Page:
Here is a branched scenario-based design of the course “Connect with Haji Kamal” designed by Cathy Moore for US soldiers deployed in the middle-east.
Source: Cathy Moore
3. Guided Learning
In classroom training, there is a live instructor who guides learners and often provides one-on-one mentoring. It is a well-known fact that learning is more effective when learners are shown how to do something instead of being told how to do it. The lack of in-person instruction is one of the major arguments against ILT to eLearning migration. However, in eLearning, characters and avatars can take the place of the instructor to guide learners through the course.
Here’s an avatar and a character performing a similar job of guiding learners through the course. The first is a record book personified to act as a guide for learners in a course about record management. The second is a vector image of a tax accountant taking the learner through a course on finance.
Live recordings of instructors or Subject Matter Experts (SMEs) in screencasts and screen recordings can also be used as an effective strategy to guide learners on how to use a particular application in software training.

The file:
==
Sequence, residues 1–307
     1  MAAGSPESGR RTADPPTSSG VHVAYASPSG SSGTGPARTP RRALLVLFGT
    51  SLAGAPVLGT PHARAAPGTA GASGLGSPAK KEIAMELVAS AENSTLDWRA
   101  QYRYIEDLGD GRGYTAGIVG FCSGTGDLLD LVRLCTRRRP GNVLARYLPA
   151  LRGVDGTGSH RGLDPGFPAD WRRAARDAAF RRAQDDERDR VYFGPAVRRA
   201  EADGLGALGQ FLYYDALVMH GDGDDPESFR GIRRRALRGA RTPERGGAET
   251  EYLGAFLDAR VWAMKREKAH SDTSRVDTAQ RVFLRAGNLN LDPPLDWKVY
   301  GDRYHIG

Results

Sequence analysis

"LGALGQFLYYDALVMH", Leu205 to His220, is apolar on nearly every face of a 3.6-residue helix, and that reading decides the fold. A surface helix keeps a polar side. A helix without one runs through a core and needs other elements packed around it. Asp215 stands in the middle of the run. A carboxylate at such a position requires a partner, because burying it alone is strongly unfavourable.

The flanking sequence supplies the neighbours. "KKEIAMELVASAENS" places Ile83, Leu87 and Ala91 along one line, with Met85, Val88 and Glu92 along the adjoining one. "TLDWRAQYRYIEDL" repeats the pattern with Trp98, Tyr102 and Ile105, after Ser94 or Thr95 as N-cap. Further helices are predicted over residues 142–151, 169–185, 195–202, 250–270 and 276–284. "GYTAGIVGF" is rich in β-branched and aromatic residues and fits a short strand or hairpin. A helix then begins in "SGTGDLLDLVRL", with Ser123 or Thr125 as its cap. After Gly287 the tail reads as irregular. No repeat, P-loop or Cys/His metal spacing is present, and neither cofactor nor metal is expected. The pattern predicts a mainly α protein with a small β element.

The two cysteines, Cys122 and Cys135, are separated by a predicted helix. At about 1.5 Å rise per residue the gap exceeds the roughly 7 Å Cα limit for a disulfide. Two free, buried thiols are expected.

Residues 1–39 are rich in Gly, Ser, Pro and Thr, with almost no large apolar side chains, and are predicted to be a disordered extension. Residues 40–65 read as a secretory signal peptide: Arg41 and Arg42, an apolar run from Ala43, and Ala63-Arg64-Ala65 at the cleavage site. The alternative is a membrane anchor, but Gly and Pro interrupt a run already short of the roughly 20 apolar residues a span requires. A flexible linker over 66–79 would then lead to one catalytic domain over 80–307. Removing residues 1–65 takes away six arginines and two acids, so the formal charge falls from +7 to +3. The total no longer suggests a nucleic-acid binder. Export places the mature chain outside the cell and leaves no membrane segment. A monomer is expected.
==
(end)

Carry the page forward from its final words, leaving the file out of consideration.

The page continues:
4. Learning through Exploration and Discovery (LEAD)
Don’t you love traveling and seeing new places? Don’t you agree there is a certain charm in exploring places on your own to learn and experience new things that can never be learned from books? You can allow your learners to learn through exploration and discovery when you migrate your ILT to eLearning.
LEAD as an instructional strategy borrows from the idea that exploring to gain knowledge is more effective than spoon-feeding information to learners. This strategy paces learning according to the learner’s interest, offering scope for self-directed learning.